Neuroanatomy and Behaviour

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Keywords

Sign-tracking
Goal-tracking
Pavlovian conditioning
Autoshaping
Vendor differences
Breeding colony

How to Cite

Khoo, S. Y.-S., Uhrig, A., Samaha, A.-N.ë., & Chaudhri, N. (2022). Does vendor breeding colony influence sign- and goal-tracking in Pavlovian conditioned approach? A preregistered empirical replication. Neuroanatomy and Behaviour, 4, e46. https://doi.org/10.35430/nab.2022.e46

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Abstract

Vendor differences are thought to affect Pavlovian conditioning in rats. After observing possible differences in sign-tracking and goal-tracking behaviour with rats from different breeding colonies, we performed an empirical replication of the effect. 40 male Long-Evans rats from Charles River colonies ‘K72’ and ‘R06’ received 11 Pavlovian conditioned approach training sessions (or “autoshaping”), with a lever as the conditioned stimulus (CS) and 10% sucrose as the unconditioned stimulus (US). Each 58-min session consisted of 12 CS-US trials. Paired rats (n = 15/colony) received the US following lever retraction. Unpaired control rats (n = 5/colony) received sucrose during the inter-trial interval. Next, we evaluated the conditioned reinforcing properties of the CS, by determining whether rats would learn to nose-poke into a new, active (vs. inactive) port to receive CS presentations alone (no sucrose). Preregistered confirmatory analyses showed that during autoshaping sessions, Paired rats made significantly more CS-triggered entries into the sucrose port (i.e., goal-tracking) and lever activations (sign-tracking) than Unpaired rats did, demonstrating acquisition of the CS-US association. Confirmatory analyses showed no effects of breeding colony on autoshaping. During conditioned reinforcement testing, analysis of data from Paired rats alone showed significantly more active vs. inactive nosepokes, suggesting that in these rats, the lever CS acquired incentive motivational properties. Analysing Paired rats alone also showed that K72 rats had higher Pavlovian Conditioned Approach scores than R06 rats did.  Thus, breeding colony can affect outcome in Pavlovian conditioned approach studies, and animal breeding source should be considered as a covariate in such work.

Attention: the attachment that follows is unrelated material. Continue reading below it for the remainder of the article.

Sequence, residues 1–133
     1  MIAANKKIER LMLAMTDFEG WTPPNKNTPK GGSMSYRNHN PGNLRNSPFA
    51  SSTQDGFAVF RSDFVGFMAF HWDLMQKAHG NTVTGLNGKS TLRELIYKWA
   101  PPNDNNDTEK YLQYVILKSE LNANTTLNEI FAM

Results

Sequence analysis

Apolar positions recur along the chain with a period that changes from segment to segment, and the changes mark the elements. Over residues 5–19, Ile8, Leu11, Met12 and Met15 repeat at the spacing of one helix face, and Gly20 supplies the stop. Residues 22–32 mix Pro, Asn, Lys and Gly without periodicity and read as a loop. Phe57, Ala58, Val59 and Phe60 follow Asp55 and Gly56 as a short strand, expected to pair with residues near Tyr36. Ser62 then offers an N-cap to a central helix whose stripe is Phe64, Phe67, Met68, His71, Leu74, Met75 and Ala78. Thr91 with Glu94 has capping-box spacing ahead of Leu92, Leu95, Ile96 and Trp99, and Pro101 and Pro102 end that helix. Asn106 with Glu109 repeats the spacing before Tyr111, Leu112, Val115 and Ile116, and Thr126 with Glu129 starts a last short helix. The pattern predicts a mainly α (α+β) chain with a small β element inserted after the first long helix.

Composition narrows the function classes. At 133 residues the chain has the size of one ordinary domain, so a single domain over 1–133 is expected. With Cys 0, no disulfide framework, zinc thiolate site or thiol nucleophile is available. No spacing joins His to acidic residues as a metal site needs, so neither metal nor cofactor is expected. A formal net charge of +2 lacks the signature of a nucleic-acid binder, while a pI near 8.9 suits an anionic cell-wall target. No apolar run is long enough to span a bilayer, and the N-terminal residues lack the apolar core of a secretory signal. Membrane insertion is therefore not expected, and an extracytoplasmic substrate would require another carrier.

https://doi.org/10.35430/nab.2022.e46
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References

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